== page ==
To help us meet this deadline, please submit your feedback before 10 January 2018. As we look to settle on a compliance model by the end of January, the community's continued participation and input will be instrumental in ensuring that we've appropriately shaped the model. Email your comments and suggestions to

To be clear, your feedback about the layered access approach outlined in the Hamilton memo is not intended to replace the ongoing process we published about how to submit a proposed compliance model in response to the 2 November 2017 Statement from Contractual Compliance. We have received one suggested model and know that many of you have been working to finalize your proposals. Your models will help us shape our proposal and we will continue to publish your submissions on our webpage as we receive them.

We look forward to continuing our engagement with the ICANN community in 2018 as we work together on this important issue. As before, we will continue to provide updates via blogs, webinars, and documents on our Data Protection/Privacy Issues webpage.


    biomanix  03:24 UTC on 19 January 2018

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    maiden  23:45 UTC on 06 February 2018

    generic top-level domain (gTLD

Domain Name System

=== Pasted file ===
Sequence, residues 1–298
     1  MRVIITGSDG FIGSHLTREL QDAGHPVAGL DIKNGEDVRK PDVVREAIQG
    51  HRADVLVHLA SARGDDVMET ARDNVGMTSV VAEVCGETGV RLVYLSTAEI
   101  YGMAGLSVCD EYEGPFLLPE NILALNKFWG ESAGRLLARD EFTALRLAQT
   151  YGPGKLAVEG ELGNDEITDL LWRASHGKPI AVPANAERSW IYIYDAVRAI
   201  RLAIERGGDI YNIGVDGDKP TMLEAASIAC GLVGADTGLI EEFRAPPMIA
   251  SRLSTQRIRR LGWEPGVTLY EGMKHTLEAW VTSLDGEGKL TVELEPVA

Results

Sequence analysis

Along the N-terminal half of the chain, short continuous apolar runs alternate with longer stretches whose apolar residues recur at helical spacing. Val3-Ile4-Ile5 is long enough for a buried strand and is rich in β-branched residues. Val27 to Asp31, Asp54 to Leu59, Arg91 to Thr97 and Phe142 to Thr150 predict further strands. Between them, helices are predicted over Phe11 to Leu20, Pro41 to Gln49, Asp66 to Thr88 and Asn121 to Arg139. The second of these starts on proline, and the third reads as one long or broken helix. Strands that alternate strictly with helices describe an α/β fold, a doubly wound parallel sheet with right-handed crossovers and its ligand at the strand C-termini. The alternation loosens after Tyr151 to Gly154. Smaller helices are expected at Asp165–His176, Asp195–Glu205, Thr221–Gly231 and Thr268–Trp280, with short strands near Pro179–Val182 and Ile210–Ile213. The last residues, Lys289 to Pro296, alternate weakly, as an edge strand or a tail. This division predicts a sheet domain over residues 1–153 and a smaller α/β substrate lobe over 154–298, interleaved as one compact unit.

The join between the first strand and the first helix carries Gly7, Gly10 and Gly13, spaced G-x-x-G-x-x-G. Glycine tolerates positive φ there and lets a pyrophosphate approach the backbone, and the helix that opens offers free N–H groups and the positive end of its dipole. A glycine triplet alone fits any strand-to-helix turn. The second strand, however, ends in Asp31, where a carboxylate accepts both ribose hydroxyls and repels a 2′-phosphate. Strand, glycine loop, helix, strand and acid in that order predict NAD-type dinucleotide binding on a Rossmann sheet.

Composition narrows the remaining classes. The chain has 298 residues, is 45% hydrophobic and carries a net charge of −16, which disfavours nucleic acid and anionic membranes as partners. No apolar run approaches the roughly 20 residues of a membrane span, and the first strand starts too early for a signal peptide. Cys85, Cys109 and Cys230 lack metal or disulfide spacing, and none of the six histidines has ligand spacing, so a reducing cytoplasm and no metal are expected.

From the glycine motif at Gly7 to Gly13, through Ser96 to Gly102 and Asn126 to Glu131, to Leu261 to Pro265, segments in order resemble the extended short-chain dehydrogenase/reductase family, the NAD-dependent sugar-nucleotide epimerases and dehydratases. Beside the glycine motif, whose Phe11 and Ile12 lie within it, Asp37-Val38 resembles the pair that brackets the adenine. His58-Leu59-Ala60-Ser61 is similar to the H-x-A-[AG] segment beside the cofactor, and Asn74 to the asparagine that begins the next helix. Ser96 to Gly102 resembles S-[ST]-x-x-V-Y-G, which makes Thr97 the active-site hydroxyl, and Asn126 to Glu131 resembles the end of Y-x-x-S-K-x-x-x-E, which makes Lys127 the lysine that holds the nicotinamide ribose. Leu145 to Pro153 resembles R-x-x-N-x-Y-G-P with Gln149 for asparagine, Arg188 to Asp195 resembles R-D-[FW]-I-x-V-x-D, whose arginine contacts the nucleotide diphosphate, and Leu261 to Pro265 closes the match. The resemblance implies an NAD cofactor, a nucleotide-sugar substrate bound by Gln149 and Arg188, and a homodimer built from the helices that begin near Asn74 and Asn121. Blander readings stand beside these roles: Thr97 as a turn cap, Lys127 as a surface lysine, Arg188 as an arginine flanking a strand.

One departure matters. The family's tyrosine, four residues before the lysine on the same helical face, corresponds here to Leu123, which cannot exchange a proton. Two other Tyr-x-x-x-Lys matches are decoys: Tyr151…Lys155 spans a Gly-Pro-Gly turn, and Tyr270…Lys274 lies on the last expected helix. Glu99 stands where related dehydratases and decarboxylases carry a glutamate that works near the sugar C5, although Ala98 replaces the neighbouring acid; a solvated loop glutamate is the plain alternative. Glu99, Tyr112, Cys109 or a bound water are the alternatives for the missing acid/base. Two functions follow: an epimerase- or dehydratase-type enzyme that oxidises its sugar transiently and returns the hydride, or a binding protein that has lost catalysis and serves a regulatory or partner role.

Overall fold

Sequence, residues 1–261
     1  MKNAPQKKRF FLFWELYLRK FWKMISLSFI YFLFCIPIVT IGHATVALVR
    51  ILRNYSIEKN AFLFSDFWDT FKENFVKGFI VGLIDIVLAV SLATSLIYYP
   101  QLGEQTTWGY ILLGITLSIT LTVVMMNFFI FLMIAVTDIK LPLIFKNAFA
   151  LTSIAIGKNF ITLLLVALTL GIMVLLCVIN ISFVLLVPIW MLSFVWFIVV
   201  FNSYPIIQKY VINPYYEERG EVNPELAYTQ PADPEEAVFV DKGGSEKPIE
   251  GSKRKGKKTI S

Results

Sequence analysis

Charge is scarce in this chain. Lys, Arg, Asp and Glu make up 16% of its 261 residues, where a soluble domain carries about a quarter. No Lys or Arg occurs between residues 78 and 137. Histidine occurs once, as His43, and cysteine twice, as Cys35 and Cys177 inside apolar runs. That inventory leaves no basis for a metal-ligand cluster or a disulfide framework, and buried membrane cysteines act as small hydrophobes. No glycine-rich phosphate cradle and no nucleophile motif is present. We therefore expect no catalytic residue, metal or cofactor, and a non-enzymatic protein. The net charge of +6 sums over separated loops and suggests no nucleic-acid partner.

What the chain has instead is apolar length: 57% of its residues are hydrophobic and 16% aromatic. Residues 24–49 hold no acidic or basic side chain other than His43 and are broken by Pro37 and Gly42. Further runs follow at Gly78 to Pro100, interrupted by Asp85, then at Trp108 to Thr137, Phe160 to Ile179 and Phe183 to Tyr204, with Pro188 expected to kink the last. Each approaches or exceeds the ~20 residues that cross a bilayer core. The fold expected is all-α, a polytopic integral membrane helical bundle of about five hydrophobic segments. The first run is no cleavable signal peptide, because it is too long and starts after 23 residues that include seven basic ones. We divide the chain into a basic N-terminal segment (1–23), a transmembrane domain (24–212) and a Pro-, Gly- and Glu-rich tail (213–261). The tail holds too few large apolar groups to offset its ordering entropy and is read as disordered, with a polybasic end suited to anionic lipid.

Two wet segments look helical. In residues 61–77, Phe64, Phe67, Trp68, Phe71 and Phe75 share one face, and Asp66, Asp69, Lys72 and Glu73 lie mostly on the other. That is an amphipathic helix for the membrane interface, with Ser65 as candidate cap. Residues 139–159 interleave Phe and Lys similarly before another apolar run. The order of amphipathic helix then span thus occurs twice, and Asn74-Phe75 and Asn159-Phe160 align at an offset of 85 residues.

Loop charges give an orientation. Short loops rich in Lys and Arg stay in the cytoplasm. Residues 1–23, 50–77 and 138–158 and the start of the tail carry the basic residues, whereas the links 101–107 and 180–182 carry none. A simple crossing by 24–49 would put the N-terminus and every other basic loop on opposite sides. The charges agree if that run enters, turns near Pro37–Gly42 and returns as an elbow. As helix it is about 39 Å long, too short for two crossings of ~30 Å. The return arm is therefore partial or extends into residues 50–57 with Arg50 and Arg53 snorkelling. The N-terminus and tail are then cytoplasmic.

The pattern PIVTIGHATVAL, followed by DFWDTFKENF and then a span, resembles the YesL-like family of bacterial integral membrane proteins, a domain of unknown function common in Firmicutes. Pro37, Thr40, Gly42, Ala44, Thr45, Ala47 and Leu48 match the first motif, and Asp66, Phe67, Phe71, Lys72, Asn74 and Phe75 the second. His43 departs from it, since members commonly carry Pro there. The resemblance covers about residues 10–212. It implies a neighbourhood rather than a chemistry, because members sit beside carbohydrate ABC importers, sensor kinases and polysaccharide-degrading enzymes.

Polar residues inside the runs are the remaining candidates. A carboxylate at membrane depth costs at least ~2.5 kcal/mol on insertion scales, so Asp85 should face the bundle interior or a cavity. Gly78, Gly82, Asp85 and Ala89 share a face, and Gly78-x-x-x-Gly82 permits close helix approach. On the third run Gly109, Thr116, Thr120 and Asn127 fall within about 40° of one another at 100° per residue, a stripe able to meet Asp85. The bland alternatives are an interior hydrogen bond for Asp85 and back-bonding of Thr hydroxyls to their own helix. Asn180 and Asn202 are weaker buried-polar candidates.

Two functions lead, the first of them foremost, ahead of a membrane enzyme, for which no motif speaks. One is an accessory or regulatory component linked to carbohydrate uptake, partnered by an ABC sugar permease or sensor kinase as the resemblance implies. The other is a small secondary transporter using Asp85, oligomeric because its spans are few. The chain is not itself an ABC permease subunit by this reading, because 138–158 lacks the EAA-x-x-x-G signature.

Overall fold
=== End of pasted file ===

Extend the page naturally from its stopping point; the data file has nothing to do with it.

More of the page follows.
Internationalized Domain Name ,IDN,"IDNs are domain names that include characters used in the local representation of languages that are not written with the twenty-six letters of the basic Latin alphabet ""a-z"". An IDN can contain Latin letters with diacritical marks, as required by many European languages, or may consist of characters from non-Latin scripts such as Arabic or Chinese. Many languages also use other types of digits than the European ""0-9"". The basic Latin alphabet together with the European-Arabic digits are, for the purpose of domain names, termed ""ASCII characters"" (ASCII = American Standard Code for Information Interchange). These are also included in the broader range of ""Unicode characters"" that provides the basis for IDNs. The ""hostname rule"" requires that all domain names of the type under consideration here are stored in the DNS using only the ASCII characters listed above, with the one further addition of the hyphen ""-"". The Unicode form of an IDN therefore requires special encoding before it is entered into the DNS. The following terminology is used when distinguishing between these forms: A domain name consists of a series of ""labels"" (separated by ""dots""). The ASCII form of an IDN label is termed an ""A-label"". All operations defined in the DNS protocol use A-labels exclusively. The Unicode form, which a user expects to be displayed, is termed a ""U-label"". The difference may be illustrated with the Hindi word for ""test"" — परीका — appearing here as a U-label would (in the Devanagari script). A special form of ""ASCII compatible encoding"" (abbreviated ACE) is applied to this to produce the corresponding A-label: xn--11b5bs1di. A domain name that only includes ASCII letters, digits, and hyphens is termed an ""LDH label"". Although the definitions of A-labels and LDH-labels overlap, a name consisting exclusively of LDH labels, such as"""" is not an IDN."